On this proposition there is great similarity in the facts of this case and the case of Shimniok, et al. v. State, 197 Miss. 179, 19 So. 2d 760. In that case, the deceased was an ex-sheriff and a very popular man in Wayne County. The defendants were strangers. Much publicity had been given to the killing through the newspapers and otherwise. The evidence for the State was to the effect that the case had not been prejudged by the public and that the appellants could obtain a fair and impartial trial before a jury from that county. From the special venire of 150 men, it appeared that ten were excused on account of fixed opinions. The Court in its opinion referred to the fact that the trial judge saw the witnesses, who testified on the motion, and the potential jurors as they were being questioned, and concluded that he was in much better position to judge of their credibility than was the appellate court. Under such circumstances, it was there held that the trial judge had not abused his discretion in overruling the application for change of venue. See also Wexler v. State, 167 Miss. 464, 142 So. 501; Dalton v. State, 141 Miss. 841, 105 So. 784; Musselwhite v. State (Miss.) 54 So. 2d 911.

For like reasons, we are unable to say that the trial court abused its discretion; and we, therefore, hold that no reversible error was committed in overruling the application for a change of venue or in overruling the motion to quash the indictment on the ground of ill-will or prejudgment of the case.

(Hn 3) In this connection, the appellant also complains that the trial court's refusal to permit him to introduce *142 other witnesses on his motion to change the venue, after the State had rested on that issue, constituted error.

To his motion was attached the statutory affidavit, in proper form, which was sufficient to make out a prima facie case. However, he did not rest on his prima facie case, but produced a number of witnesses, who testified as to the existing public sentiment and the prejudgment of the case. Besides, he made a motion that, to save time and trouble, such evidence should apply to all the motions, that is, to quash the indictment, the jury panels, and for the change of venue. The court did not sustain the motion at that time, but, subsequently did so. In other words, later in the hearing, the court did exactly what appellant requested. There must be some measure of consistency in one's position. The additional evidence, which he proposed, would have been merely cumulative. The court had already spent three days in the hearing of these motions. Since we have held that there was no error, in the first instance, in refusing to grant a change of venue, neither do we think that the trial judge was in error in this particular.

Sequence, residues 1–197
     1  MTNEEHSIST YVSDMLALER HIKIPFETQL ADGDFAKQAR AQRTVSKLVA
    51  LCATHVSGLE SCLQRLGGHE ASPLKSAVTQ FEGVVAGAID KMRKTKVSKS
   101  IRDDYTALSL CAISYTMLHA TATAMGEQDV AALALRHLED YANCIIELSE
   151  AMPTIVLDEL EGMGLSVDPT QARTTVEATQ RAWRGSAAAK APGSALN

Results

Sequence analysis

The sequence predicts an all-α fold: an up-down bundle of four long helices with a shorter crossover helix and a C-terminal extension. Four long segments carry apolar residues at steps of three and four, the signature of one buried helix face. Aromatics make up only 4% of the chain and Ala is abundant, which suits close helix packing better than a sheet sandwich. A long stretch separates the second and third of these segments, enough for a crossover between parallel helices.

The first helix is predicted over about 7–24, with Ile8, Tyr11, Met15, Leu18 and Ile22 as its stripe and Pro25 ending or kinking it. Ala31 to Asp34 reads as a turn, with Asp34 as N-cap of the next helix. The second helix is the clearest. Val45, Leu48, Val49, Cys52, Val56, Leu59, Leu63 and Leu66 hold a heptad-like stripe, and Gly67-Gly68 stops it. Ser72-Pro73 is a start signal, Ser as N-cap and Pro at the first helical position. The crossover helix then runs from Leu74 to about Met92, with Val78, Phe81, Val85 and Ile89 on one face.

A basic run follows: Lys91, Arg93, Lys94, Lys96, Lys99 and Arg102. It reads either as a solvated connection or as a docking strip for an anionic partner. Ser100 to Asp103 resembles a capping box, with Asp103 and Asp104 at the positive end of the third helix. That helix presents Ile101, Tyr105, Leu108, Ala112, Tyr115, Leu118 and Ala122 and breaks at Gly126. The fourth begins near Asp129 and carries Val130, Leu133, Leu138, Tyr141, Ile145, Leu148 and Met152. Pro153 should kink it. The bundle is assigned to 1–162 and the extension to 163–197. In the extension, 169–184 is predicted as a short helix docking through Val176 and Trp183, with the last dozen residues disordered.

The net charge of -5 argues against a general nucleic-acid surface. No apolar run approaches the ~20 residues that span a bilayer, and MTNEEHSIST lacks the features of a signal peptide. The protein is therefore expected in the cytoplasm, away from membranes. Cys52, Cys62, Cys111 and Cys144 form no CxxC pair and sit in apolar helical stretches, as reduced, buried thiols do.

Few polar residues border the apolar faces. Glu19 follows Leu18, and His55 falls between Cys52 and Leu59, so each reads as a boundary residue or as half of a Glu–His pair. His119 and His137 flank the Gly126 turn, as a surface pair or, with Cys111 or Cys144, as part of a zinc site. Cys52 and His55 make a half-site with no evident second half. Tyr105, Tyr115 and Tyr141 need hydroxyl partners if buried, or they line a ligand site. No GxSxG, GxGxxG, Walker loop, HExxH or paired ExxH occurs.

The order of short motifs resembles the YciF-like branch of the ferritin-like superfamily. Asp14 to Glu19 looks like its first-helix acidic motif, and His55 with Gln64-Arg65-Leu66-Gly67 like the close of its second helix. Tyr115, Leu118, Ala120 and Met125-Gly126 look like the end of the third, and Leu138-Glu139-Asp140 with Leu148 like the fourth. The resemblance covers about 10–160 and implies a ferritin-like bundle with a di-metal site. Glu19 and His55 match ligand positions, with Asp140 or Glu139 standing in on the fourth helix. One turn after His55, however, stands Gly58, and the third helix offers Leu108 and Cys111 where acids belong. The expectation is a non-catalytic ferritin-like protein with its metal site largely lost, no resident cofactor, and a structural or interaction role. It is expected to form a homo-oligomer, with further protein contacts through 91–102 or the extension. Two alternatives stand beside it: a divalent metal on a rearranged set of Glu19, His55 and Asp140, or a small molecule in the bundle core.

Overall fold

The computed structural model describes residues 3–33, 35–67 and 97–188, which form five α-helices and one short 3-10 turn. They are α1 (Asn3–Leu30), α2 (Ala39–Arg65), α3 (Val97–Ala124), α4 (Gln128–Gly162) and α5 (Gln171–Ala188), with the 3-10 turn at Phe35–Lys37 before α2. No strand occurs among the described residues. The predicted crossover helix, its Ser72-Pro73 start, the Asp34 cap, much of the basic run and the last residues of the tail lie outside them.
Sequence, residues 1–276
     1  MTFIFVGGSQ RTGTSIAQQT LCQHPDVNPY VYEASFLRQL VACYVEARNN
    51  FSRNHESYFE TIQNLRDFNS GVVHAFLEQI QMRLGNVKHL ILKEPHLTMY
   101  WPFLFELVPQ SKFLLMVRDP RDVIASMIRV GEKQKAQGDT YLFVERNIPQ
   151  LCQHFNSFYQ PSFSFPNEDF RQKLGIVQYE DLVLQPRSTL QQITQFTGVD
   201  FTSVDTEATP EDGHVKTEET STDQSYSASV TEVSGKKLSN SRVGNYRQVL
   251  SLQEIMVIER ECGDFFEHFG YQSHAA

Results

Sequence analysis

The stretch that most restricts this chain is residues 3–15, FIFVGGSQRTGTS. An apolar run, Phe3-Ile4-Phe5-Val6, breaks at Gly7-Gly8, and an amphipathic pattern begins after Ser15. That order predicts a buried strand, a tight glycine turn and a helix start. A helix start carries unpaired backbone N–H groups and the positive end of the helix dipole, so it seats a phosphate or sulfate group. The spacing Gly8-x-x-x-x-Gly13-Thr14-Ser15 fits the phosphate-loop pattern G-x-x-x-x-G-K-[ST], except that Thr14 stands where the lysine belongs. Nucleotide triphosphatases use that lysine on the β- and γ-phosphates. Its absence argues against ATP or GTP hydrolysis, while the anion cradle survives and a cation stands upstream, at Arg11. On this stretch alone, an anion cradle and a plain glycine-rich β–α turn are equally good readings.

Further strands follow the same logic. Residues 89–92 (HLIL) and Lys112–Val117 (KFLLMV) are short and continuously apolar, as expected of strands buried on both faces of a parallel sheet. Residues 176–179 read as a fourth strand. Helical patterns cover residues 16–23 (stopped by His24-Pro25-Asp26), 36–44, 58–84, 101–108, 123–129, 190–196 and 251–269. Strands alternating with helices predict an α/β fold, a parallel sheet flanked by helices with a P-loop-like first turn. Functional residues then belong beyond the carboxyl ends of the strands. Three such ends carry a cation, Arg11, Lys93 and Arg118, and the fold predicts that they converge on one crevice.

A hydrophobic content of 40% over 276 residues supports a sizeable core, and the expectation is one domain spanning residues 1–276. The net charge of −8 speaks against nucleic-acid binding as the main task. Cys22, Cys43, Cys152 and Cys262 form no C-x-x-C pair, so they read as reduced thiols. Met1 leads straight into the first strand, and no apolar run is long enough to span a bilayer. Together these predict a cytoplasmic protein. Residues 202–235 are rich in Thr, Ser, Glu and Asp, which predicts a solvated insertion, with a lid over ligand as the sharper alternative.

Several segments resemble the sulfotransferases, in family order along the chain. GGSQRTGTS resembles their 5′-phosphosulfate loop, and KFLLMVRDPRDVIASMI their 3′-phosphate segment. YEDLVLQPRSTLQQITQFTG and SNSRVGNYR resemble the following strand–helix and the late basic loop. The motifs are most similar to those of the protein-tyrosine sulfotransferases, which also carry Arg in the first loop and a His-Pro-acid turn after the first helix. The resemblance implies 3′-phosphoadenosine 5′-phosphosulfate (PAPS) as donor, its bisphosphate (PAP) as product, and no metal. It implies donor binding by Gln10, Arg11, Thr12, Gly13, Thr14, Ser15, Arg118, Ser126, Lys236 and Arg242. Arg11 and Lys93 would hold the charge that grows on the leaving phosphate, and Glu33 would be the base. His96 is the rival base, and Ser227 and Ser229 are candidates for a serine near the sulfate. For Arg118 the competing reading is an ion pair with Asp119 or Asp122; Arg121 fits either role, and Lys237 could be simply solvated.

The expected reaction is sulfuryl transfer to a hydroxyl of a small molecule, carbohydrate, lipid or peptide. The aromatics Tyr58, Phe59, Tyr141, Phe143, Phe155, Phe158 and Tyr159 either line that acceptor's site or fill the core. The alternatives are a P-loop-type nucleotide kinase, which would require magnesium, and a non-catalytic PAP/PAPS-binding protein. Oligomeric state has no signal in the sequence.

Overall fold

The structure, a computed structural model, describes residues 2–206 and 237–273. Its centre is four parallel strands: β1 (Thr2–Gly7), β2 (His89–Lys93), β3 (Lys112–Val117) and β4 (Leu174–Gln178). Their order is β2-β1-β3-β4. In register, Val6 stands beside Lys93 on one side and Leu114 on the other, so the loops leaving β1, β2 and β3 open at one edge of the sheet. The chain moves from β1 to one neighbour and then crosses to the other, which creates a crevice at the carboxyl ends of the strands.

(Hn 4) As regards the assignment that non-poll-taxpayers were excluded from service on the grand and petit juries, it must be borne in mind that Section 264 of the Constitution of 1890 provides that no person shall be a grand or petit juror unless a qualified elector, etc., and that Section 241 thereof sets forth the requirements for a qualified elector, one of which is payment of poll taxes except in certain cases. These sections of the Constitution have been implemented by Sections 1762 and 3235, respectively, of the Code of 1942. Many years ago, this Court and the Supreme Court of the United States held that Section 241, supra, does not contravene the Constitution of the United States. Sproule v. Fredericks, 69 Miss. 898, 11 So. 422; Williams v. Mississippi, 170 U.S. 213, 42 L. Ed. 1012. Also the Supreme Court of the United States has also held that Section 264, supra, does not discriminate *143 between the races, and is not violative of the Constitution of the United States. Gibson v. Mississippi, 162 U.S. 565, 40 L. Ed. 1075; Williams v. Mississippi, supra. Hence this assignment is without merit.

(Hn 5) As regards the assignment that the trial court erred in overruling his motion to quash the indictment for the reason that Negroes were systematically excluded from jury service, it must likewise be remembered that appellant is a member of the white or Caucasian race, and that the grand jury which indicted, and the petit which tried, him, were members of that race. Hence he is in no position to claim that he is the victim of racial discrimination. His own race has thus dealt with him. In the case of Patton v. Mississippi, 332 U.S. 463, 92 L. Ed. 76, the Supreme Court of the United States, in its opinion, said in part: "Sixty-seven years ago this Court held that state exclusion of Negroes from grand and petit juries solely because of their race denied Negro defendants in criminal cases the equal protection of the laws required by the Fourteenth Amendment." The opinion also said: "When a jury selection plan, whatever it is, operates in such way as always to result in the complete and long-continued exclusion of any representative at all from a large group of Negroes, or any other racial group, indictments and verdicts returned against them by juries thus selected cannot stand."